EU benefits out-weigh burdens

It’s such a shame that almost all sensibility has drained out of the EU debate over the past few months.

We have the Prime Minister claiming that we will get World War 3 if we vote leave and the leave campaign seem to be getting more and more deluded the closer the referendum comes.

What’s next? The four horsemen of the apocalypse to ride through the gates of Buckingham Palace and Westminster Abbey the moment a leave vote is announced?

Ten million foreign criminals to enter Britain and steal all the jobs if we choose to stay? I wouldn’t be surprised to hear those claims or similar claims in the final few days before the most important referendum in British history. What has been lacking is facts about the impact of either outcome on Britain after the referendum.

The truth is that we have benefited greatly from our membership of the EU. Sussex has seen hundreds of millions of pounds pumped directly into its universities and business while also allowing many of these businesses to sell their products and services to over 500 million people across the EU single market.

This will have undoubtedly benefitted the economy of Sussex and Britain as a whole.

Membership of the EU has also supported further improvements and safeguards for women’s and workers’ rights while also providing those wronged by the law and the justice system in the UK more chances to find justice.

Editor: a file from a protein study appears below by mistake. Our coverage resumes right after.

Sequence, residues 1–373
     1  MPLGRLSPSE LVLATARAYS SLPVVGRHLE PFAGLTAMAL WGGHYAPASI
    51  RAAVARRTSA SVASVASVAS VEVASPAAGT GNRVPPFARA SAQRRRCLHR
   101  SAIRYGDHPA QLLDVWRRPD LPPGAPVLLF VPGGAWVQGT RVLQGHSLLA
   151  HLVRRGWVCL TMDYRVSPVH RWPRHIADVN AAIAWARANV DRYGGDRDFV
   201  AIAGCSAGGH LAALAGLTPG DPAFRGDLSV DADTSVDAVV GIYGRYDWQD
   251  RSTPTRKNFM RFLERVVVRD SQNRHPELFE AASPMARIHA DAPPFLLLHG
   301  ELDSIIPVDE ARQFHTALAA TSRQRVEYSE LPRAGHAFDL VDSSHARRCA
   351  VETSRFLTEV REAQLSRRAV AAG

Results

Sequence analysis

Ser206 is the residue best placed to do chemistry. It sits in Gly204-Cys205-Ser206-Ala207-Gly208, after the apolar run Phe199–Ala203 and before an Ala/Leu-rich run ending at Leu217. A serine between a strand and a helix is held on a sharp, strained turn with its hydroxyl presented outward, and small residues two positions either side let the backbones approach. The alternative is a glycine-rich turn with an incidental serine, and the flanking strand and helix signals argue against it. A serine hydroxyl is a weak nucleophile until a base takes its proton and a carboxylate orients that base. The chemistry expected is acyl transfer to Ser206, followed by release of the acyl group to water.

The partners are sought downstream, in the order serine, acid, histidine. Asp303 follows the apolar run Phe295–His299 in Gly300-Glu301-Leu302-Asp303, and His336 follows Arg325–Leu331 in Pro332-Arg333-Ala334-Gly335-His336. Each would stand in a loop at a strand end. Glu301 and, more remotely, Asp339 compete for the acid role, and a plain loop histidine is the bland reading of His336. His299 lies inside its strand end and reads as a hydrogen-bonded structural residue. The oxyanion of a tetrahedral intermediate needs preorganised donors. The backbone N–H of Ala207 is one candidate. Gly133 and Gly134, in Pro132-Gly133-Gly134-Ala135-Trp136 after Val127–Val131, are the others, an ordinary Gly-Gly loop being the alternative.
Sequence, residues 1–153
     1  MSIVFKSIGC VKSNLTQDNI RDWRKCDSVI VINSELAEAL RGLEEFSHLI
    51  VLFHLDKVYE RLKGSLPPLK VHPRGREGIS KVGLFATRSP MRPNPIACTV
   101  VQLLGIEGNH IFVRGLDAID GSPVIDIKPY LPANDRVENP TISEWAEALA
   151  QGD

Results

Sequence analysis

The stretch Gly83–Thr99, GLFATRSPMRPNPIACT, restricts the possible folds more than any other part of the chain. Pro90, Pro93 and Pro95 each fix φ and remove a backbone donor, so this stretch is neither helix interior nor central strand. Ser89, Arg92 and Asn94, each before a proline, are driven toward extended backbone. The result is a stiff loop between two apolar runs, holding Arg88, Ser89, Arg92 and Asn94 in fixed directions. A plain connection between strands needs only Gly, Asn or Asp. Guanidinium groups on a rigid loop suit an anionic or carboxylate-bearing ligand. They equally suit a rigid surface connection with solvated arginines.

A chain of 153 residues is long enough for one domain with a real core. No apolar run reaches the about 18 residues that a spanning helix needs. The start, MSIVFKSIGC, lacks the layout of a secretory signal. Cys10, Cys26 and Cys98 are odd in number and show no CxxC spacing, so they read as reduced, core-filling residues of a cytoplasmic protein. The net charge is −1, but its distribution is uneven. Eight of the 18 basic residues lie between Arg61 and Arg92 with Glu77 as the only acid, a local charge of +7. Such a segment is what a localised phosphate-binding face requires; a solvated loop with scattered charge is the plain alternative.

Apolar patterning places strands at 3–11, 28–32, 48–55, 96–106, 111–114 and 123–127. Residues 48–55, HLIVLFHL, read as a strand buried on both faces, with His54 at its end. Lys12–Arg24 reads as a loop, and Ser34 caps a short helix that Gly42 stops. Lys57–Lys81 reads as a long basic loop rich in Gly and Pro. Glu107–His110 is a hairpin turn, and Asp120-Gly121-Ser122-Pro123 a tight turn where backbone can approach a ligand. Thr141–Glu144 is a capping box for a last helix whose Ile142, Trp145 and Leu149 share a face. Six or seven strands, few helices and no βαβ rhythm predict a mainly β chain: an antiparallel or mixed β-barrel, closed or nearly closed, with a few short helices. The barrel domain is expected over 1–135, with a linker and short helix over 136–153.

Membership of the EU also provides benefits to young people, such as cheap air travel across Europe for those of us who travel for work or leisure and exchange programmes which allow students to study abroad without having to pay a huge amount for the privilege.

I must also say that there are problems with the EU, it is too bureaucratic and it has encouraged to an extent a rise in unrestrained free market capitalism in Europe, as advocated by the Conservatives and UKIP, which has left the poorest in Britain and the rest of Europe with substandard living conditions and little or no prospect of real, long term work and low wages.

But then again no multi-national organisation is perfect and the benefits of EU membership most definitely out way the burdens on Britain and its sovereignty at the moment.

The best way to improve the problems of the EU is to do so from the inside as a member.

Also, if we do vote to leave, the roof won’t fall in, there probably won’t be a recession (unless it’s caused by Tory mismanagement of the Economy) and the immediate impact won’t be obvious. It is undeniable however is that there will be years of uncertainty and the long term impact of a leave vote could very possibly be terminal to Britain?

So when you come to cast your vote on June 23 remember that you are not just making this decision for you and your family in the present and near future, but also countless future generations who will have to live with whatever decision we make.

Sam Theodoridi

Youth Co-ordinatior - Worthing West Labour Party

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